Indulgences, as an infamous instance of the corruption of a theology of good works by the Catholic Church, occupy pride of place in modern conceptions of the Reformation—the conventional date of its beginning is after all entirely determined by a single tract written in opposition to them. Perhaps less often considered is the material shape taken by the indulgences themselves: contractual documents signed and sealed by ecclesiastical authority, indulgences constituted a material guarantee of a spiritual promise, not unlike the instantiation of conceptual economics in material currency. The two pictured here offer two very different portraits of the survival of indulgences as material artifacts. B.53.2, remarkably well preserved, makes it easy for us to imagine what it must have looked like in its prime, and also showcases a key feature that made print as much a boon for the indulgence market as it was for the market in reform-minded texts: not only the capacity for rapid large-scale reproduction, but the ability to produce uniform documents with room for adaptation, as in the filled-in blanks here. B.53.3, battered and fragmentary, tells us a different story: it survived as binding waste in a copy of Erasmus’s Lingua in a beautiful irony of the preservation of Catholic materials by a literary tradition to which they were anathema. BW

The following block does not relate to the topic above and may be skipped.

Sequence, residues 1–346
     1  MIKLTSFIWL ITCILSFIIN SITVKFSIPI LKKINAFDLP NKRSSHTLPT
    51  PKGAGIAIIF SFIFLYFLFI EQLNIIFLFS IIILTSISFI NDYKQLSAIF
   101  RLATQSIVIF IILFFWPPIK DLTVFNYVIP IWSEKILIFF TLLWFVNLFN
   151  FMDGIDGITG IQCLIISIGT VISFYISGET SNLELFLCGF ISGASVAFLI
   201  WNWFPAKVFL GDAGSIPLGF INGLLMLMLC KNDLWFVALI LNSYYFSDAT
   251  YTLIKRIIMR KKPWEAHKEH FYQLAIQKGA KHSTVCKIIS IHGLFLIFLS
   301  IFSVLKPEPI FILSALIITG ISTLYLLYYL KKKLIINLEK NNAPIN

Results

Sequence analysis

CUL: Broadsides B.53.2 and B.53.3
Peter Stallybrass, ‘ “Little Jobs”: Broadsides and the Printing Revolution’, in Sabrina Alcorn Baron, Eric N. Lindquist, and Eleanor F. Shevlin (eds), Agent of Change: Print Culture Studies after Elizabeth L. Eisenstein (Amherst, 2007), pp. 315-341.
R. N. Swanson, Indulgences in Late Medieval England: Passports to Paradise? (Cambridge, 2007).